“You’re undergoing a completely painless procedure, Nikitah,” remarked the surgeon. I was in the early stages of a panic attack and the stress ball, handed to me alongside the request to please remain calm, seemed unable to ease my rising discomfort. Eyelashes taped down, eyelids clamped open, vision bathed in a blur of anaesthetic drops; the current situation had quickly escalated the ranks to join the top five most unpleasant moments of my life. The distress I felt was topped only by my mother’s account of an incident that took place four months before, where I had drunkenly spooned her in bed and woken up the following morning without a single memory of what I had done. That was until she decided to share the story, several days later.
Laid down in a surgical chair, the outline of the man who’d just spoken towered over me against the artificial orange light of the laser which, in a few minutes’ time, would reverse the last fifteen years’ deteriorated vision. I have always writhed at the thought of an eye intrusion, unable to open my eyes underwater let alone attempt to put a contact lens in. I was therefore a full-time glasses wearer and decidedly not a big fan of the idea of eye surgery. The fear of declining the operation and going blind, over the fear of opting into the operation and going blind, was the twisted logic I used to convince myself to sign my name on the forms and agree to have my excess eyeball burnt away with a laser.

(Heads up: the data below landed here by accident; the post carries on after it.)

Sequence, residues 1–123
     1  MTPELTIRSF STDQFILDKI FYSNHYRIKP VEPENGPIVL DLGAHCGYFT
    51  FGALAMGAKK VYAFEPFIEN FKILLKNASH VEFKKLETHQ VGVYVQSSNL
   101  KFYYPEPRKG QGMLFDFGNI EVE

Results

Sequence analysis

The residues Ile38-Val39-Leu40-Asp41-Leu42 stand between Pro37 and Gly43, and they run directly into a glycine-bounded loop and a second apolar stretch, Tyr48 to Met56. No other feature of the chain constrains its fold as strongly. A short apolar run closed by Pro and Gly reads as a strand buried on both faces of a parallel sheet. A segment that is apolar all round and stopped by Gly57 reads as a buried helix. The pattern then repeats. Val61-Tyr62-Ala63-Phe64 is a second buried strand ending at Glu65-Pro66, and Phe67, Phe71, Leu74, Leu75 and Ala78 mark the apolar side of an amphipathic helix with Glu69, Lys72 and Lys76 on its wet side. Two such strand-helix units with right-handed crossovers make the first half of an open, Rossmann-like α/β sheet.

I held onto the surgeon’s promise that for the first time since childhood I would be able to read the clock on the wall unaided, but my doubts exaggerated in size each time they bounced around the insides of my head. You can’t do this! What makes you think you can do this? The irrational thoughts multiplied at every synapse they crossed, jumping from one extreme conclusion to the next. This is going to end badly. You are going to go BLIND. I could hear strange sounds escaping from my mouth. It was the language of the deranged, a senseless communication of fictitious eventualities that existed only in the confines of my head. His voice washed over me, the cold wave of the present bringing me back to reality.
“Your vision is being restored, just think about how amazing the rest of your life will be because of it.” He paused, as though the sharp implement he was using to scrape away the surface of my bare eyeball had only now necessitated the moment’s concentration. “If you’re acting like this now, what will you do when it’s time for you to give birth?” The monologue concluded, condescension replaced with a silent finality, sure that he had delivered the last word.
Of all the supposed ‘amazing’ acts afforded by a glasses-free lifestyle, the highlight of a woman’s life of course remained the miracle of childbirth. A 22-year-old girl should only ever aspire to be a mother, and, as he had declared during an earlier consultation, this particular girl (me) should expect to finally attract the love of her life without the burden of a heavy glasses frame sitting atop her overly made-up face, in his opinion. “Who said anything about giving birth?” I replied. “I’ll adopt.” The other women in the room broke into laughter, for what he had forgotten was that childbirth was not an obligatory undertaking and, despite being visually compromised, the opportunity to denounce his outdated views on womanhood was too good for this girl to miss.